In the twenty-third post we look at Mark Twain’s statement that people should either commit suicide or stay drunk if they are “demonstrably wise” and want to “keep their reasoning faculties.” We actually see this play out in the film MIDNIGHT IN PARIS with the character Zelda Fitzgerald. In the twenty-fourthtwenty-fifth and twenty-sixth posts I look at Mark Twain and the issue of racism. In MIDNIGHT IN PARIS we see the difference between the attitudes concerning race in 1925 Paris and the rest of the world.

The twenty-seventh and twenty-eighth posts are summing up Mark Twain. In the 29th post we ask did MIDNIGHT IN PARIS accurately portray Hemingway’s personality and outlook on life? and in the 30th post the life and views of Hemingway are summed up.

In the 31st post we will observe that just like Solomon Picasso slept with many women. Solomon actually slept with  over 1000 women ( Eccl 2:8, I Kings 11:3), and both men ended their lives bitter against all women and in the 32nd post we look at what happened to these former lovers of Picasso. In the 33rd post we see that Picasso  deliberately painted his secular  worldview of fragmentation on his canvas but he could not live with the loss of humanness and he reverted back at crucial points and painted those he loved with all his genius and with all their humanness!!! In the 34th post  we notice that both Solomon in Ecclesiastes and Picasso in his painting had an obsession with the issue of their impending death!!!

___________

Related posts:

“Woody Wednesday” ECCLESIASTES AND WOODY ALLEN’S FILMS: SOLOMON “WOULD GOT ALONG WELL WITH WOODY!” (Part 7 MIDNIGHT IN PARIS Part F, SURREALISTS AND THE IDEA OF ABSURDITY AND CHANCE)

December 23, 2015 – 4:15 am

Woody Allen believes that we live in a cold, violent and meaningless universe and it seems that his main character (Gil Pender, played by Owen Wilson) in the movie MIDNIGHT IN PARIS shares that view. Pender’s meeting with the Surrealists is by far the best scene in the movie because they are ones who can […]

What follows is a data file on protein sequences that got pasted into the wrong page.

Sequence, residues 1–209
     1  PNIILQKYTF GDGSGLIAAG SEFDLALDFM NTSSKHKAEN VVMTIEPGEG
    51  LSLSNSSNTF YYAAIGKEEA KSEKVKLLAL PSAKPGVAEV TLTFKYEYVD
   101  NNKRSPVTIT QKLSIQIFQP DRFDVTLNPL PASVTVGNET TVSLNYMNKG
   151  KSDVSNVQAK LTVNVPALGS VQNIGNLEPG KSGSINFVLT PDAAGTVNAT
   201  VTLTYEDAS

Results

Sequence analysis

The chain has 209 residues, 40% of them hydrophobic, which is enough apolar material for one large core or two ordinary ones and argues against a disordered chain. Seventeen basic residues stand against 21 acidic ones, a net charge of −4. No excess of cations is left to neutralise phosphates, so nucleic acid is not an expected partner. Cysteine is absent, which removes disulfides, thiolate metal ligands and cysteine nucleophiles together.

“Woody Wednesday” ECCLESIASTES AND WOODY ALLEN’S FILMS: SOLOMON “WOULD GOT ALONG WELL WITH WOODY!” (Part 6 MIDNIGHT IN PARIS Part E, A FURTHER LOOK AT T.S. Eliot’s DESPAIR AND THEN HIS SOLUTION)

December 16, 2015 – 4:56 am

In the last post I pointed out how King Solomon in Ecclesiastes painted a dismal situation for modern man in life UNDER THE SUN  and that Bertrand Russell, and T.S. Eliot and  other modern writers had agreed with Solomon’s view. However, T.S. Eliot had found a solution to this problem and put his faith in […]

“Woody Wednesday” ECCLESIASTES AND WOODY ALLEN’S FILMS: SOLOMON “WOULD GOT ALONG WELL WITH WOODY!” (Part 5 MIDNIGHT IN PARIS Part D, A LOOK AT T.S. Eliot’s DESPAIR AND THEN HIS SOLUTION)

December 9, 2015 – 4:41 am

In MIDNIGHT IN PARIS Gil Pender ponders the advice he gets from his literary heroes from the 1920’s. King Solomon in Ecclesiastes painted a dismal situation for modern man in life UNDER THE SUN  and many modern artists, poets, and philosophers have agreed. In the 1920’s T.S.Eliot and his  house guest Bertrand Russell were two of […]

“Woody Wednesda

RESPONDING TO HARRY KROTO’S BRILLIANT RENOWNED ACADEMICS!! Part 159 G “Open letter to Harry Kroto’s friend Richard Dawkins” First part of my four part letter from 5-15-94 to Richard Dawkins

Canary Islands 2014: Harold Kroto and Richard Dawkins

Image result for harry kroto richard dawkins

_


The first portion of my 5-15-94 letter to Richard Dawkins and next week I will have the second part.

On May 15, 1994 on the 10th anniversary of the passing of Francis Schaeffer I mailed the following letter to Richard Dawkins.

Image result for carl sagan